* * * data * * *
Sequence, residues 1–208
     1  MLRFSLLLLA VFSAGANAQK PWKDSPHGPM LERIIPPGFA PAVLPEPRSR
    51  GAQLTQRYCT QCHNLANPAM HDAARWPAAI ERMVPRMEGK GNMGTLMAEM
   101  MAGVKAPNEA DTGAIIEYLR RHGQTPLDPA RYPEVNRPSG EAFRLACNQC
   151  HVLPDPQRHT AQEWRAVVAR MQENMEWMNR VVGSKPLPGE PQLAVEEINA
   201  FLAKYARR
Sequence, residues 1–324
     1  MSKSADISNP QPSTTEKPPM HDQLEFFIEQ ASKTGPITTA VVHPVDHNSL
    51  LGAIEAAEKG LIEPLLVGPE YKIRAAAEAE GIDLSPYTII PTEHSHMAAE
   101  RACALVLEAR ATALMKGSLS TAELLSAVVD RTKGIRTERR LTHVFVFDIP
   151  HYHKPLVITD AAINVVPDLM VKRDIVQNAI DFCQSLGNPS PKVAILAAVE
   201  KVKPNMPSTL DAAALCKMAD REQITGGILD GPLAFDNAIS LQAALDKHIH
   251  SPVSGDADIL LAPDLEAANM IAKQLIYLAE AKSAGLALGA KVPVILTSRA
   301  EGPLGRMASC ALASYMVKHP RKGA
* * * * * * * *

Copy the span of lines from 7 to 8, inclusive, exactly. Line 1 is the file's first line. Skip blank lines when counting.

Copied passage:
Sequence, residues 1–324
     1  MSKSADISNP QPSTTEKPPM HDQLEFFIEQ ASKTGPITTA VVHPVDHNSL